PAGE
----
Report by Daniel Mortlock:
It was like Groundhog Day all over again: steady rain in Cambridge during the day meant the Remnants WhatsApp group was once again alive with breathless weather reports: "still very wet and gray here"; "it isn't really raining [...] just that misty drizzle crap that makes us sit around waiting for the pitch to dry"; "occasional spots and pretty, but clouds moving briskly"; "just started very heavily in Northstowe"; and then the ominous "It is here". But this was all an irrelevant distraction to Dave, who stuck to the (or at least his) party line: you'll be fine to play provided it stops raining by 5pm as forecast. As indeed it did, and hence indeed it was. In fact, we played most of the match in glorious sunshine, sufficient to have fielders on the pavilion side of the wicket shielding their eyes from the thermonuclear fireball in the western sky. (No, no, don't worry, nothing to do with Putin.)
At the time of the toss there was some concern to see that water had gotten through the covers, leaving a wet patch on the pitch. But it was wide and short, and Daniel confidently reassured the Sharks' skipper that any ball that landed on it would be a dismal half-tracker and no threat to anyone. We settled on a 14x8s game - once again an unrealistically optimistic visiting captain had to be talked down from the fantasy world of 20x6s - and were asked to field first, which we at least could tonight, our eleventh player driving into the ground just as the captains were walking back to the pavilion miming batting and bowling actions to their teams.
The game was pretty evenly balanced initially: Ben Stone (0/22) and Mike Foulkes (0/14) both got enough lateral movement to repeatedly beat the bat; but one Sharks opener in particular connected with his cross-bat shots to good effect, and Sharks can't have been unhappy on 31/0 after 4 (8-ball) overs. Veterans Andy Owen (3/18) and Daniel Mortlock (1/11) then simultaneously put the breaks on and made breakthroughs, albeit largely thanks to some good fielding. The two catches taken off Andy's bowling were as low and high as it gets: Daniel held onto a flick at mid-wicket that never got more than a foot off the ground; and then Cam Petrie back-peddled to take one of those horrible skiers that swirls around and induces The Fear. Daniel's wicket was a combination of luck and brilliance: the luck was that an awful half-tracker landed in the aforementioned wet patch, and what should have been an innocuous long hop that the batsman would have cut to the boundary instead spat up to head height; the brilliance was that 'keeper Marcus Baker somehow completed a clean take and whipped the bails off before the unfortunate batsman knew what had happened. Given the sharp bounce it's a stumping that even a pro would be proud of, and was definitely the stand-out moment of class in the game.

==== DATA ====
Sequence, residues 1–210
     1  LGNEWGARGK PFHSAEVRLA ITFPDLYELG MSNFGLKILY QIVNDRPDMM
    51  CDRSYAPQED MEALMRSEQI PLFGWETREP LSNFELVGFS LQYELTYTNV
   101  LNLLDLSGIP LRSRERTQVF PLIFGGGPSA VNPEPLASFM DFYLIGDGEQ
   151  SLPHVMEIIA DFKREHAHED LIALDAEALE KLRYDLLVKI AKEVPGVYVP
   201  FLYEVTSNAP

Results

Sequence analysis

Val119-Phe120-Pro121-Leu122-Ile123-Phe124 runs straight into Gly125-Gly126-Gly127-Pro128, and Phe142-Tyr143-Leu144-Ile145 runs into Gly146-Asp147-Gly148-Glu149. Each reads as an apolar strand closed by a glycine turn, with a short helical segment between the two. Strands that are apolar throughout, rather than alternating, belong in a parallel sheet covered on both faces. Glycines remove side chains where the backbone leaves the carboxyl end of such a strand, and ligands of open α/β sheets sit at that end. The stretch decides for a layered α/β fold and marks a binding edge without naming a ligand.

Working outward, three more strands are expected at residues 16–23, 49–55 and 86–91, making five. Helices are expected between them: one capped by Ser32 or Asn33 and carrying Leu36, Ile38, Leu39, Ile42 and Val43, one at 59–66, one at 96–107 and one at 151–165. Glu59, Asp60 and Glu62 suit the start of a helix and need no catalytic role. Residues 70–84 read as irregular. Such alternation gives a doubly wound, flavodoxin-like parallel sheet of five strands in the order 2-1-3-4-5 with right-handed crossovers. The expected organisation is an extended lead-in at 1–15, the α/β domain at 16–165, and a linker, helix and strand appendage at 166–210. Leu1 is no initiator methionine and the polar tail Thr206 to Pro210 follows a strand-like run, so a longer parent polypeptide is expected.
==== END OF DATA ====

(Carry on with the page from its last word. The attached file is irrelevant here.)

Unfortunately, the rest of our fielding efforts were not quite up to this standard, with a combination of mis-fields, off-line throws and dropped chances (admittedly none sitters) allowing Sharks to keep the scoreboard ticking over. The prime victim here was Naveen Chouksey (0/16), who repatedly beat the bat and induced false strokes, only to somehow once again end up wicketless. The irony was that Naveen had probably been our best fielder - the ball just kept going to him, but he kept getting something in the way.
The Sharks' final total of 90/4 did not feel enough to be winning - the second innings in our three matches so far this season were all comfortably higher (or were about to be until the intervention of rain). Still, there was no danger of getting complacent, especially when the first over of our innings yielded as many wickets as runs - TK was unlucky to glove a lifter (from the wet patch?) through to their 'keeper. Cam Petrie (22 off 21 balls) and Tom Serby (21 off 34 balls) then established an ascendancy - we were 40/1 after 5 overs - only for our middle order to get rather bogged down in a miasma of wickets and - worse - dot balls. The next 5 overs saw 5 wickets fall for just 29 runs, the former largely due to bad shot selection and the latter at least partly because of dismally tentative calling. 42 needed off 32 balls mightn't sound too daunting in the age of 200+ T20 totals, but the international superstars aren't playing a drying Fitz pitch in the setting sun - to say nothing of our non-existent momentum . . .
. . . at which point Ben Stone arrived at the crease and seemed to be playing a different game - specifically one conjured up by EA Sports and running in "cheat mode". His full innings of 33* off 11 balls was 1 4 . 4 4 2 4 4 6 . 4, although he claimed he only middled two shots, one of which was a towering six that missed his own car by just a few inches. Ben's last boundary came with scores tied, and we somehow won with 20 balls to spare. It was one of the great "victory from the jaws of defeat" heists in Remnants history, up there with the Hart-McLeod millennium miracle and the Computer Laboratory's binary meltdown.
There was also the broader context: without Ben's heroics we'd have had just a draw from our first four matches, with a repeat of 2020 in sight; instead we're 1.5/4 and just one good match away from being back in black.